In Science, Philip Kitcher reviews several recent books on climate change
- Merchants of Doubt: How a Handful of Scientists Obscured the Truth on Issues from Tobacco Smoke to Global Warming. By Naomi Oreskes and Erik M. Conway.
- Climate Change Science and Policy. By Stephen H. Schneider, Armin Rosencranz, Michael D. Mastrandrea, and Kristin Kuntz-Duriseti,
It is all too easy to be beguiled by an opposite thought: that democracy demands that there be extensive public discussion, even on technical matters, discussion in which all participants operate as equals. Those in the grip of this idea will view Hansen and Schneider as hysterical and arrogant people who aim to short-circuit the proper airing of alternative views. (Although sympathetic critics might also ponder the fact that these two eminent scientists have been rebutting the same "alternatives" for decades). Perhaps continued discussion could be tolerated, were there no urgency about the issue under debate. If they saw no compulsion to act soon—and if they were convinced that the fight were fair—Hansen and Schneider might share Milton's confidence that truth would ultimately emerge as victor. Yet the stories they tell in their gripping narratives reveal all too many points at which messages have been distorted and suppressed because of the short-term interests of economic and political agents. They also demonstrate many ways in which the arena of public discussion has been set up to block the widespread acceptance of conclusions based on an increasing body of evidence.As to how this happened, Oreskes and Conway provide a roadmap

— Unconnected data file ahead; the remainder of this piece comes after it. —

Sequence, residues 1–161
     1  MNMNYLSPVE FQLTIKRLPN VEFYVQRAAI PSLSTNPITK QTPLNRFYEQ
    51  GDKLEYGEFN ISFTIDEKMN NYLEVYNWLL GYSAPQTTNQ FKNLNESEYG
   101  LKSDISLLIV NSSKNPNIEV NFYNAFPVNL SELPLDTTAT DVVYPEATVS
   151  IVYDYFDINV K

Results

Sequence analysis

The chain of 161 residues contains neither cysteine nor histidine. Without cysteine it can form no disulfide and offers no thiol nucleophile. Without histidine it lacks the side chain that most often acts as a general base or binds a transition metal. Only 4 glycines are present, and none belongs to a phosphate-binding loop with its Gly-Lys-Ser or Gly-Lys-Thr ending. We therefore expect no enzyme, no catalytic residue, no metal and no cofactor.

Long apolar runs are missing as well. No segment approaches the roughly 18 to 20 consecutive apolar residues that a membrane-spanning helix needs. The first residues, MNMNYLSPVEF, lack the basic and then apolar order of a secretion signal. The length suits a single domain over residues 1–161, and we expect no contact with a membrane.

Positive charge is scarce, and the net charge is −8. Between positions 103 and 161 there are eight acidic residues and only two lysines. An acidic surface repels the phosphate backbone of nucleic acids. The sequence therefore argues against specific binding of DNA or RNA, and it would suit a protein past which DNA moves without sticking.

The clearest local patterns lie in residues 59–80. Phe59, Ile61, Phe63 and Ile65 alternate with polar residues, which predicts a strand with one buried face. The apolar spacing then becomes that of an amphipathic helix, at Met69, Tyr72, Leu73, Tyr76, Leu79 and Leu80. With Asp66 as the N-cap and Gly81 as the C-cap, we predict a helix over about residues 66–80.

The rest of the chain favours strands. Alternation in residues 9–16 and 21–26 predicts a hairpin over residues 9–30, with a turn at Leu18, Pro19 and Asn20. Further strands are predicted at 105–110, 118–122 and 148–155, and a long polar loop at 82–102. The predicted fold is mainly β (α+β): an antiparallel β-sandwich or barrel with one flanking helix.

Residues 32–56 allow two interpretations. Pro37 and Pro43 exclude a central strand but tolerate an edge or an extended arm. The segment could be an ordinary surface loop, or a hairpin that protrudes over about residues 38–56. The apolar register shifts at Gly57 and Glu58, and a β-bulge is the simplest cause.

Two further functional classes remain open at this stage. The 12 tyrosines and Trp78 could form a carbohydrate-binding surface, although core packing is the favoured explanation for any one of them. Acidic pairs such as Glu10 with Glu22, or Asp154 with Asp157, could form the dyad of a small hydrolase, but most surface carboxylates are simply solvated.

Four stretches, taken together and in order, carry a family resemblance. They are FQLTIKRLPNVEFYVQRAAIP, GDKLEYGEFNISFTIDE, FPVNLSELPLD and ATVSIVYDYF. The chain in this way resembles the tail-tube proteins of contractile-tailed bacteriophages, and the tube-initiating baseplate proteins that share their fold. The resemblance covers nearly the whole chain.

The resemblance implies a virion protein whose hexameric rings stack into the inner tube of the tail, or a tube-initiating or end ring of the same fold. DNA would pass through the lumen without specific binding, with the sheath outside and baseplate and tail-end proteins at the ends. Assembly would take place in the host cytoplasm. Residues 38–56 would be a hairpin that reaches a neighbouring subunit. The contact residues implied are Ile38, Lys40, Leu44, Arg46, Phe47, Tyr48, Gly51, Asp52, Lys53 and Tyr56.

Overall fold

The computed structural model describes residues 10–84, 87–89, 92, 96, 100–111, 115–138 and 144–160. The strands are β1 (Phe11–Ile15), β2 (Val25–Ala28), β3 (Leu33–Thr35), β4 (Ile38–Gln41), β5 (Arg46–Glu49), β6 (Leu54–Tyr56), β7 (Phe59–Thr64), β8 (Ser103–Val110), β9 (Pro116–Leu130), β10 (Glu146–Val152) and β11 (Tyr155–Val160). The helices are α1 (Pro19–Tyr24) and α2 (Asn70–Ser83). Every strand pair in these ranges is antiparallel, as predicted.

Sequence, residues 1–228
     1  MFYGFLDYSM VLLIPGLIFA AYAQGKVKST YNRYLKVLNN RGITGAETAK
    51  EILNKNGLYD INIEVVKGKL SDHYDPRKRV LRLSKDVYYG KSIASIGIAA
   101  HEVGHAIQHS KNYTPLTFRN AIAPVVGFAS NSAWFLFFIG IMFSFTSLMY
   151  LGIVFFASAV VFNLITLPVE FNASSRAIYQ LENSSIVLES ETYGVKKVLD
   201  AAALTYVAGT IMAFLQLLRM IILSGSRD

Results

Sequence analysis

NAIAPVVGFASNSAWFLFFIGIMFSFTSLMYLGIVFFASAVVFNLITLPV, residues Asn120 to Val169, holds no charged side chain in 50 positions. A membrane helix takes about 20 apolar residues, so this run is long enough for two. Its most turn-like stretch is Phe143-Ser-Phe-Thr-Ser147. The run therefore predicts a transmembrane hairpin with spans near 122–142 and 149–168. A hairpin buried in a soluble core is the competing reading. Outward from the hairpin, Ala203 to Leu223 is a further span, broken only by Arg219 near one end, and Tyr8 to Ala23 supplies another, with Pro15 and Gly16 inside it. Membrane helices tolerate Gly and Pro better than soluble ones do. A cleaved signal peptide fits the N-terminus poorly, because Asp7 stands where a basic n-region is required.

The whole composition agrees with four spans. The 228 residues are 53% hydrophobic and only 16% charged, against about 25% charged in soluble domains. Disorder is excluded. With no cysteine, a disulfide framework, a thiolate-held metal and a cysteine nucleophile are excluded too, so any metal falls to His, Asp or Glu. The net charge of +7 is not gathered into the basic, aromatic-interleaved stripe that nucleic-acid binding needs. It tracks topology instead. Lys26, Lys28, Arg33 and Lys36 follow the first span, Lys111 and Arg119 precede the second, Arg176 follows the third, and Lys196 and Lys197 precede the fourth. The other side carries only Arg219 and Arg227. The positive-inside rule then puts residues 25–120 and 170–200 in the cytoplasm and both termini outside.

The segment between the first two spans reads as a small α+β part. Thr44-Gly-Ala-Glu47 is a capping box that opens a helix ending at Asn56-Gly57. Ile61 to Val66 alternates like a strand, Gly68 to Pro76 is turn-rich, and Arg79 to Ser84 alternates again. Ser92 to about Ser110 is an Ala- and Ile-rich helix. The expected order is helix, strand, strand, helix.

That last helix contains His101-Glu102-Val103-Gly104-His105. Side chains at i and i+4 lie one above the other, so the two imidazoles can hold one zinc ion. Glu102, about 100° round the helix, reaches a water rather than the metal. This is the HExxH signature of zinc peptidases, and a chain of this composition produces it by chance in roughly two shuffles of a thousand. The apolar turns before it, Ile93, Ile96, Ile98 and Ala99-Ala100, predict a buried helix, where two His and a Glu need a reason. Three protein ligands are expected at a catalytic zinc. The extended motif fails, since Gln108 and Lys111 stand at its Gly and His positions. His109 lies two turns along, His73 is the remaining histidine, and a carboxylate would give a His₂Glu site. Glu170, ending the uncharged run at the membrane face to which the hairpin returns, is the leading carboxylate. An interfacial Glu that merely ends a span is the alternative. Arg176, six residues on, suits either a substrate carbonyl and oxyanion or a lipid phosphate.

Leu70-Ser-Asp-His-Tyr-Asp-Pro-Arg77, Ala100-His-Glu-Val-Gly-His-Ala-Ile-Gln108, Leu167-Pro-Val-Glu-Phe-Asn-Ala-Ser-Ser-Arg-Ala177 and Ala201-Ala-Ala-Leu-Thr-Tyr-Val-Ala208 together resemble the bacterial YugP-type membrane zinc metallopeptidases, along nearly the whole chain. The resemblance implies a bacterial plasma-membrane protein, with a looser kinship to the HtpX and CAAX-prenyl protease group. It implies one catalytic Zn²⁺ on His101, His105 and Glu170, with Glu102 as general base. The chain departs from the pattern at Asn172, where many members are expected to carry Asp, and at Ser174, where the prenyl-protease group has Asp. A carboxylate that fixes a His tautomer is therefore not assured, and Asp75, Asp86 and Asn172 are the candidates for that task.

"There are many reasons why the United States has failed to act on global warming, but at least one is the confusion raised by Bill Nierenberg, Fred Seitz, and Fred Singer."with Kitcher filling in some of the dots
This apparently harsh claim is thoroughly justified through a powerful dissection of the ways in which prominent climate scientists, such as Roger Revelle and Ben Santer, were exploited or viciously attacked in the press.Kitchner has touched off a debate among several of the authors with others invited to take part.
None of this would have been possible without a web of connections among aging scientists, conservative politicians, and executives of companies (particularly those involved in fossil fuels) with a short-term economic interest in denying the impact of the emission of carbon into the atmosphere. But it also could not have produced the broad public skepticism about climate change without help from the media. As Oreskes and Conway point out, "balanced coverage" has become the norm in the dissemination of scientific information. Pitting adversaries against one another for a few minutes has proven an appealing strategy for television>news programs to pursue in attracting and retaining viewers.
Those looking for an explanation of the bunny flag are invited to wander over to Open Mind